The much anticipated tour into The Bungle Bungle had finally arrived. The area we see as the Bungles is only part of the 45,000 hectares of the said range of the 240,000 hectare of Purnululu Nat Pk.
The range is 350millions yrs old. The beehive formations are as a result of erosion over the millions of yrs since then. The colour differences are the dark grey & orange layers. The dark grey band is cyanobacteria, a single cell organism that represents some of the oldest forms on Earth. The alternating orange is iron oxide that also protects the fragile sandstone.
To stay in The Bungles, we had to leave the van somewhere & live in a tent for 2 nights. We had 2 chilly 6*temp nights. Just as well I'd done some prior reading as we, unlike some , were prepared with doona's, jackets & warm pj's :)
Driving down to the Bungles had some interesting moments like this1 - a truck with 4 trailers passing us & another van in front of us. I've got to admit this is somewhat different!! (the truck was sick of being behind the slower van in front of us.
We had 21 water crossings to get into where we wanted to be. The deepest being over 30cms deep - up to the step board of the 4WD. The 52 km rocky road takes on average 2 - 3 hrs to traverse. Our trip was 2 hrs. The slow trip was interrupted by beautiful views of the Osmond Range that we had to cross.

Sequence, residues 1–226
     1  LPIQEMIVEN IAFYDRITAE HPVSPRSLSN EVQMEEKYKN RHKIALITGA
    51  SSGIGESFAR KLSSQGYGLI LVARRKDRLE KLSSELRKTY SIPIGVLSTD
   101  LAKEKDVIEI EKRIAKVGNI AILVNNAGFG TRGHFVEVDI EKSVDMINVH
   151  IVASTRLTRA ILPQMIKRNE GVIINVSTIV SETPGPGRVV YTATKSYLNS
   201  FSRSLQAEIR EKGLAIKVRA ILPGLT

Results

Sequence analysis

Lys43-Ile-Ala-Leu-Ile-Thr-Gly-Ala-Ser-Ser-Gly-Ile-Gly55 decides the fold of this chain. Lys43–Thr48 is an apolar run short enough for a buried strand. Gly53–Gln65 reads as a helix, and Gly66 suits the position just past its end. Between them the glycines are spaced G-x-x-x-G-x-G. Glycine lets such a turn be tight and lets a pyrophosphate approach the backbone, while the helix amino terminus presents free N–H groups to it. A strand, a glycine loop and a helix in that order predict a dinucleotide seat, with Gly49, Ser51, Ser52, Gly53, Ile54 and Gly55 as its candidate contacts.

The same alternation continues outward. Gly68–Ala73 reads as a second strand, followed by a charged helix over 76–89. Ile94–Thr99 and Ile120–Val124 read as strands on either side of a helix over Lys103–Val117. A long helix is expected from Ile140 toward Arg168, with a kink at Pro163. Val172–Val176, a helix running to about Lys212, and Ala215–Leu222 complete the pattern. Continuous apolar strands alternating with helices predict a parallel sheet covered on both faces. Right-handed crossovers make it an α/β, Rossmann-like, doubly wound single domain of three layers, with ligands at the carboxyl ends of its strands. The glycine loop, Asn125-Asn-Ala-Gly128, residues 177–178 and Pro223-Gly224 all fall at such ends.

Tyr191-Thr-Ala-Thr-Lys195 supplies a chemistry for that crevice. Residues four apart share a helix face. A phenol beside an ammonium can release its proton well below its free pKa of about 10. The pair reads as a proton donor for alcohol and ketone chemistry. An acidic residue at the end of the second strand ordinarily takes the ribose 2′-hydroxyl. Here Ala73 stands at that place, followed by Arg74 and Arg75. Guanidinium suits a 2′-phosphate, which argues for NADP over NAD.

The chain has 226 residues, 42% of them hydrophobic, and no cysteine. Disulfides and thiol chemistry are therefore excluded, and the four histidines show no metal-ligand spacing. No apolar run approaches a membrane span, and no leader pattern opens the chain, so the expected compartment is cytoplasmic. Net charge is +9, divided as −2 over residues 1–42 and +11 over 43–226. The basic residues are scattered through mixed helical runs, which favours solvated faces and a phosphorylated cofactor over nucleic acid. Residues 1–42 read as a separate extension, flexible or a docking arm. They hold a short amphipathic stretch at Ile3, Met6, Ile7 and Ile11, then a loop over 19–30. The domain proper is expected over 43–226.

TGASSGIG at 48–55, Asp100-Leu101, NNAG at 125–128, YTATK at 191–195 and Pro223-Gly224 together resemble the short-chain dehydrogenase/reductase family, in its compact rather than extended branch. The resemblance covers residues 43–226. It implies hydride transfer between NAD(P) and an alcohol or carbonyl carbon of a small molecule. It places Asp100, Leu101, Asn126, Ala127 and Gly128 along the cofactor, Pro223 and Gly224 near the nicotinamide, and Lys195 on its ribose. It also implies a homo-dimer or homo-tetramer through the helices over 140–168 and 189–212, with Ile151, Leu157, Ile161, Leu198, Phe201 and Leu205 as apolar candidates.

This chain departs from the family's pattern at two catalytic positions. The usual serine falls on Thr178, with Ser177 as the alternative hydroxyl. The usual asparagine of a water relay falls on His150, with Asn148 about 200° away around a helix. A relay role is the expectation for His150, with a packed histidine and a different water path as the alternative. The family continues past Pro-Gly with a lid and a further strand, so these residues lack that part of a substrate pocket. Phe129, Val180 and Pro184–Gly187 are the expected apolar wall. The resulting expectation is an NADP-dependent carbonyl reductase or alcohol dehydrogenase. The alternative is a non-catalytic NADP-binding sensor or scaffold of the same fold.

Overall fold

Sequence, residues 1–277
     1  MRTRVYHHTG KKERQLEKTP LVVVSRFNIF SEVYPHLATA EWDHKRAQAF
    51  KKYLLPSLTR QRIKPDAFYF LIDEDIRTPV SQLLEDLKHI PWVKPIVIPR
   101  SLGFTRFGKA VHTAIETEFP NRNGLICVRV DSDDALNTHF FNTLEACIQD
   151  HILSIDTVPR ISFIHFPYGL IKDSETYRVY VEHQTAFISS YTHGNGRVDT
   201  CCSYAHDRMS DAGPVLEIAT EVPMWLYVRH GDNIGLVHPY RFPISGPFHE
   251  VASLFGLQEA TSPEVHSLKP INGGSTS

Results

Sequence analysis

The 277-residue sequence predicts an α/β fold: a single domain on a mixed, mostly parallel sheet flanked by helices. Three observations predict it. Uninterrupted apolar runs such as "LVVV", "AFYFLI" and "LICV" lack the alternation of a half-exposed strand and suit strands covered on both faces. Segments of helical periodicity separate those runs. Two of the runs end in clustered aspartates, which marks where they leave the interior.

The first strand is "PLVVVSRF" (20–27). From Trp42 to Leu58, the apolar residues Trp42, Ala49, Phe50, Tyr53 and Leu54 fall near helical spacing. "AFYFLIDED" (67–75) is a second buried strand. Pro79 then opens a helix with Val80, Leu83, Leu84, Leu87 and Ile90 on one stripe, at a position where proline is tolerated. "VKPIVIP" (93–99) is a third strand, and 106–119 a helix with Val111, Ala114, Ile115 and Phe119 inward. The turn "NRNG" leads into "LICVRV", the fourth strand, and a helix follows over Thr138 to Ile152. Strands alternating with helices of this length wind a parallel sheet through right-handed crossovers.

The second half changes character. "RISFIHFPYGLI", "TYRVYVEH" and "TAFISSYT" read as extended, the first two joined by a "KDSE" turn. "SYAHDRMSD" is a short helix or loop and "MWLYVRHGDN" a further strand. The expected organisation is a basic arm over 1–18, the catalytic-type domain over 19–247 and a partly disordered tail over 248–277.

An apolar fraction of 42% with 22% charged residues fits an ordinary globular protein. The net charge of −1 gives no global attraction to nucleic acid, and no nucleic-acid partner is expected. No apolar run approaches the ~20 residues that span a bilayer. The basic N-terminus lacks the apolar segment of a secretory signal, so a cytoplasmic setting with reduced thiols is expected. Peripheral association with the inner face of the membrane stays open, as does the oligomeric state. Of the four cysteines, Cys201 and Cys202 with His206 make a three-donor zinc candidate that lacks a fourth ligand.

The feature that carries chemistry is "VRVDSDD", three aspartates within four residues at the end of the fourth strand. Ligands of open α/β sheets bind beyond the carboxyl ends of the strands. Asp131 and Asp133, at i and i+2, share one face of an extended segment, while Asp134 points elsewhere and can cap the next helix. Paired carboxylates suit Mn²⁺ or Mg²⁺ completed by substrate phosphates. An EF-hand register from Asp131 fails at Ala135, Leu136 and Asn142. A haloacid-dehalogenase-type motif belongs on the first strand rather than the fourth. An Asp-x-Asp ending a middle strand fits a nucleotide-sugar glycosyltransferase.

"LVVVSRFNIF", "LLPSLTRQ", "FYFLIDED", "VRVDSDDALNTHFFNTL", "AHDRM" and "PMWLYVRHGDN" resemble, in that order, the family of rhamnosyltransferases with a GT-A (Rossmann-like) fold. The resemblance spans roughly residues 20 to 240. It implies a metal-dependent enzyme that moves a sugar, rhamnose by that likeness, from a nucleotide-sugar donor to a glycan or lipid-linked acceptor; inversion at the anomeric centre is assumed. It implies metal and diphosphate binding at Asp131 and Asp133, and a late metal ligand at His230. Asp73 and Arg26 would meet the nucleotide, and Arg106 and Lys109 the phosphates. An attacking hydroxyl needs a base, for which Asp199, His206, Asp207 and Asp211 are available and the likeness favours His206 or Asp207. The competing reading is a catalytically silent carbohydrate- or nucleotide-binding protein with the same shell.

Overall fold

We went to the southern part of the Bungle Bungle range, 12 kms from Piccaninny Gorge. That's the closest camp ground to there.
Piccaninny gorge has The Domes walk & Cathedral Gorge. there's also the 12 km Piccaninny Gorge walk, but that's an over night camp out in the cold.
Unfortunately some of the domes were in front of the western sun, creating shadows on them, but I hope you get the general idea of the beauty of them.
Cathedral Gorge is a side entry from Piccaninny Gorge. The high sandstone cliffs, with the sun reflecting off some of the walls looked a picture as you walked into the Cathedral.
The Cathedral area is quite large, has a massive waterfall after rain & over 100mtr high cliffs.
It go's up 100mtrs with orange & black jagged cliffs.
We had to pack up our belonging & change camps to 15 kms away to see the next spectacular gorge - Echidna Gorge. Driving there was again all beautiful. Youdidn't realize you'd travelled another 15kms.
Echidna Gorge & The Chasm is on the Western side of The Bungle Bungle Range.
You drive past 10kms or more of these fantastic rocky cliffs
Here there are the Livistonia Fan Palms, some times growing in cracks & crevices,1/2 way up the cliff faces.
The Chasm is more than 100mtrs long inside. The walls are over 100mtrs high & the sun shines on parts of the walls, creating a glowing effect on the rest of the facing wall & surrounds.
Inside the walls are sometimes less than 1 mtr in width.
These pics will never do what we say any justice, so I hope you get some sort of idea from them :)
Walking further into the gorge we had to clamber over fallen boulders that managed to find their way down the narrow crevices.
You return the same way you go in, but you see different things as you're looking forward & not always upwards
Further out in the stoney creek bed that we had to walk along, you get these magnificent views
These following pics are part of the 10km drive to & from the camp ground. They are part of the western side of The Bungle Bungle Range.
Voila (french accent) - I hope you had just as much enjoyment seeing this great place as we did :)))))))